#Felabration: 9 Fela Landmarks You Should Visit

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For all fans of Fela and his music, October – the artiste’s birth month – is a great time to perform a ritual in his memory: take a tour to the places that carry a whiff of the man who founded Afrobeat and, in the process, founded a global movement. But if you can’t make it in October, any time of the year is as good. Here’s a short list to guide your itinerary

The Tomb

Most people don’t know where Fela is buried. Tourists who stream into the Kalakuta Museum (Fela’s former home) on Gbemisola Street in Ikeja, are shocked when they step into the compound and see the brown-and-black marble tomb in the front yard. It is not yet a shrine.

Kalakuta Museum

Elsewhere in the world, a museum dedicated to an entertainer of global repute such as Fela Anikulapo-Kuti would year-round draw hundreds of thousands of visitor. The Kalakuta Museum opened to the public during Felabration 2012, is far from reaching that threshold. Inside the two-storey white building, you’ll see Fela’s room as he left it at his death in August 1997 — shirts, mattress, freezer and all. An entire room on the first floor is dedicated to 30-plus pairs of his colourful shoes; another room holds photocopies of newspaper cuttings and covers of Fela’s turbulent encounters with the authorities in the 1970s. In the same room, one of the walls displays the constitution of Fela’s Movement of the People’s (MoP) party and the typewriter it was typed on. From the ground floor up, you’re treated to dozens of family photographs. If you feel like spending the night, there’s a five-room boutique hotel on the second floor. The tour ends on the terrace bar, fantastic ambience for a hangout. A huge portrait painting of Fela smiles at you.

The Container

This is new. Right next to the museum, a new structure has sprung up: built entirely of containers, it is planned to serve multiple purposes, one of which is a rehearsal space for Seun Kuti. A section of it will serve as lodging for some of the hotel staff. The catch here is the mural on the front ‘wall’. It is highly Instagram-able.

New Afrika Shrine

The next natural stop after the museum is the New Afrika Shrine, a 15-minute drive away in Agidingbi. Open to the public all day and all week, the best times to visit are Thursday evenings (when Femi Kuti rehearses with his band) and Sunday nights (when he has the ‘Sunday Jump’ performances). Both shows are crowd-pulling. On other days, you could chill inside the place, buy a drink, play snooker, watch a football match or revel in some Fela songs. The bar and one or two shops stock Fela memorabilia (T-shirts, CDs and caps, among others items).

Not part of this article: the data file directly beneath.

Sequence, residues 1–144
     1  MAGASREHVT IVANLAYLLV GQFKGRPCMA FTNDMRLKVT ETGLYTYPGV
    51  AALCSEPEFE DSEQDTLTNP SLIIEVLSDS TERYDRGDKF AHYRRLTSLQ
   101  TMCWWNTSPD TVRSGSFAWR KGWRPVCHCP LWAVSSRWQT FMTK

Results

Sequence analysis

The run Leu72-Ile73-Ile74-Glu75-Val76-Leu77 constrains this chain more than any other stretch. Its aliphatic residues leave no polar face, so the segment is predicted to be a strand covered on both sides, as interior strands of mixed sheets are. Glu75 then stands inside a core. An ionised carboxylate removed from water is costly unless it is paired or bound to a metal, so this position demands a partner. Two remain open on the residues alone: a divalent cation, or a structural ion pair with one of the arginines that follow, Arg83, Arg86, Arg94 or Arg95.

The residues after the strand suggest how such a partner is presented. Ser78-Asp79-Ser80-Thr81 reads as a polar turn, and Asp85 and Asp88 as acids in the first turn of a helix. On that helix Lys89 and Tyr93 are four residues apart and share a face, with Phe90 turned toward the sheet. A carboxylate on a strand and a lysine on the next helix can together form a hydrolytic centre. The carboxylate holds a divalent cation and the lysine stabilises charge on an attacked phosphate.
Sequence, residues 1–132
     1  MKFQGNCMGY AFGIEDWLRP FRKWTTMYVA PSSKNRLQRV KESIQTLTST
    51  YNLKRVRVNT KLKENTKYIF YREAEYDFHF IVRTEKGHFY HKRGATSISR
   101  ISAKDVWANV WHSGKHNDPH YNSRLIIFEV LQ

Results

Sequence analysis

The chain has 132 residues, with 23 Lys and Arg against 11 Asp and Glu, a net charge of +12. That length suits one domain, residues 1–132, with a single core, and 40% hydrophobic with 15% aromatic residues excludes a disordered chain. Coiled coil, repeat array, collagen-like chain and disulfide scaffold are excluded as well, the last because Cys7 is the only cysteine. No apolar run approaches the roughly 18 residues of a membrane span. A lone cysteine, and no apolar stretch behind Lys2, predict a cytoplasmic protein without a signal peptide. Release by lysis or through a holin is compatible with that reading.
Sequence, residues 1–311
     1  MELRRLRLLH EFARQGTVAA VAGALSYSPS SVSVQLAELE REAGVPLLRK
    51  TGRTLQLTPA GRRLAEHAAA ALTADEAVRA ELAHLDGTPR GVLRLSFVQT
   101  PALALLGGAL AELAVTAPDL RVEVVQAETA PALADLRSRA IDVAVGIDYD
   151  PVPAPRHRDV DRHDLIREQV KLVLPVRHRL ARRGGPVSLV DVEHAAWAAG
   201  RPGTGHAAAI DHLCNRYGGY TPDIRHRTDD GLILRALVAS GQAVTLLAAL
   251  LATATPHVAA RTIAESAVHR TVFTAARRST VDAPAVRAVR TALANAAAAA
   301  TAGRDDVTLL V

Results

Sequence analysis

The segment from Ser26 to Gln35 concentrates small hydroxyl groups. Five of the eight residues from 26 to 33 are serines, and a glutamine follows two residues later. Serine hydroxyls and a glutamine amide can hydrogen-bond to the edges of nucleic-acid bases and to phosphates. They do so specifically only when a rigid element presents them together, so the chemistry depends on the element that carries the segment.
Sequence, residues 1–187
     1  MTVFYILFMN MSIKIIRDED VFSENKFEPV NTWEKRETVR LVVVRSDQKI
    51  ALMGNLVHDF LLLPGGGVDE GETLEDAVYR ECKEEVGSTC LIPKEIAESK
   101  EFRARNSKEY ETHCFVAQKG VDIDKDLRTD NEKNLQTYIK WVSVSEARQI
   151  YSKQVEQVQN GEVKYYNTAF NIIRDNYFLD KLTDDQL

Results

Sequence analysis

‘Liberation’ Statue

The ‘Liberation’ public art was installed and commissioned in October 2017 to commemorate the 20th anniversary of Fela’s death and his 79th posthumous birthday. It shows a figure draped in Fela’s trademark shirt and trousers striking the equally familiar Fela salute. Never mind that it has no head or hands; the artist has said his intention was not to create a statue of Fela but a symbolic representation of the values he stood for.

Ojuelegba Under-Bridge

One of Fela’s most popular songs was ‘Confusion’, which includes a reference to Ojuelegba, a densely populated part of Lagos (Surulere LGA). As part of its beautification projects, the state government has approved the painting of a Fela mural under one of the bridges. For all it is worth, take a walk around the vicinity, soak in the air, feel the buzz, chaos and “go-slow” and try to imagine what the scene must have been like in the 1970s when Fela released that song.

Empire Hotel building

Kakadu, the first club where Fela used to perform, has long folded – same for a couple of other joints where he performed, years later. The one building that still stands and serves as an architectural link to the long-gone era of 1960s Lagos, when highlife reigned supreme is the Empire Hotel building, right across the road from where the first-ever Kalakuta Republic, Fela’s famed commune, used to be. It is worth strolling into the compound to see where Fela ‘yabbed’ the soldiers that would later storm his house and raze it.

The Kuti Family House and St John’s Anglican Church

are in Abeokuta (Ogun State), so you’ll need to cross inter-state boundaries to get to these ones. The family house has been redeveloped into a museum with its adjoining building serving as a resource centre. Built in the 1950s, Fela returned every now and again to the house and practised his saxophone in a cellar that is now no longer there. Up the road is the Anglican Church where Fela’s father, an educationist and clergyman, presided and where Fela learned to play some instruments as a member of the church choir. If you are keen to go the extra couple of steps,  and you should, the graves of Fela’s parents are right in the churchyard. They were legends in their own rights.

This article was written by Pelu Awofeso and first published on felatoday

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